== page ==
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Vermilion Parish Schools

Activity 2: Wave Time! (GLEs: 2, 3, 4, 10, 22)

Materials List: plastic dish pans or 9 x 12 baking pans, eye droppers, pitchers, water, science learning logs, Science Learning Log Recording Sheet BLM (optional), Science Learning Log Rubric BLM

What would sound waves look like if you could see them?  This investigation is designed to answer this question.  The students will observe a pattern of waves similar to sound waves that will serve to model.

Investigation Task:  Divide students into small groups. Review previous lesson and engage students in a discussion using the question, “What would sound waves look like if you could see them?” Explain that each group will observe and investigate a pattern of waves similar to sound waves. Describe the following procedure (you may want to put it on the board or a chart) and have students engage in the task.

  1. Fill the pan with about 1 inch of water.
  2. Use the eyedropper to drop a single drop of water in the pan near one end.
  3. Observe the waves or ripples.
  4. Discuss with your partners the following questions:

What do you see?  What happens to the ripples? How does this show or demonstrate what a sound wave might look like?

Have a designated materials manager get a pan, an eyedropper, and water for each group and begin investigation.

Once students have completed the task and discussion, have them record observations and new learning through illustrations and writing in their science learning log (view literacy strategy descriptions). This log is a notebook that students keep in content classrooms in order to record ideas, questions, reactions, new understandings, or visual representations such as diagrams, charts, etc. Documenting ideas in a log about content being studied forces students to “put into words” what they know or do not know.  This process offers a reflection of understanding that can lead to further study and alternative learning paths.  It combines writing and reading with content learning. Students can write freely in their science learning logs or use the optional Science Learning Log Recording Sheet BLM provided.  An assessment rubric for science learning log entries is provided as the Science Learning Log Rubric BLM.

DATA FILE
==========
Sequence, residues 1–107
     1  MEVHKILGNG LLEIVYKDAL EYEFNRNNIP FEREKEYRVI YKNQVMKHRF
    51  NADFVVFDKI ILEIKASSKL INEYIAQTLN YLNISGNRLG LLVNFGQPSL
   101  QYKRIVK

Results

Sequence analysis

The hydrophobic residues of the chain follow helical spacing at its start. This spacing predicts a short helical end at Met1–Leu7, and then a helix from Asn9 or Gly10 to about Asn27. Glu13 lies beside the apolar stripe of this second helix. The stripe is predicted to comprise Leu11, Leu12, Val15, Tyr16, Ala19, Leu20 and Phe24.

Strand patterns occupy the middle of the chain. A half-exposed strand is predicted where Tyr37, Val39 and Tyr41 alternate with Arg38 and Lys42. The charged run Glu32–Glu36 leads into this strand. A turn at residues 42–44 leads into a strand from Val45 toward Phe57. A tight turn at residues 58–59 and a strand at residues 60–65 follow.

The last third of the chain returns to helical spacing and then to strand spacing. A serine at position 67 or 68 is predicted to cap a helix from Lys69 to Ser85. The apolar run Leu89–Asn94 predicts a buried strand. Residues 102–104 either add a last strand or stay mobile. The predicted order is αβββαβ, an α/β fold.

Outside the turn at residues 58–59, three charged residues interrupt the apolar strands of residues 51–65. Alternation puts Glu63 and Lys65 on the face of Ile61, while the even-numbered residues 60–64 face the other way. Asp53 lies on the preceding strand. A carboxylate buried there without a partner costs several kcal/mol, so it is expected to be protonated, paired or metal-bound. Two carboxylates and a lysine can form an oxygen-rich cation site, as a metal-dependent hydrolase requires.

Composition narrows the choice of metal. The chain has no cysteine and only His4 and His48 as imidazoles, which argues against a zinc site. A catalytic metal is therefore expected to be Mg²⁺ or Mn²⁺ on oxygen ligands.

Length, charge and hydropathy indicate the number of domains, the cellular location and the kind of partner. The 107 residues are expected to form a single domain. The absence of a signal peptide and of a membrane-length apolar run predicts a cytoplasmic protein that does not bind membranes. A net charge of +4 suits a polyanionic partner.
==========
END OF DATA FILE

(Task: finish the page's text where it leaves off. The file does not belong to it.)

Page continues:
Notes: 

*Remind students that this investigation only illustrates what a sound wave might look like if you could see it and that it is not an actual sound wave.

**Students may need a demonstration of how to work an eyedropper.

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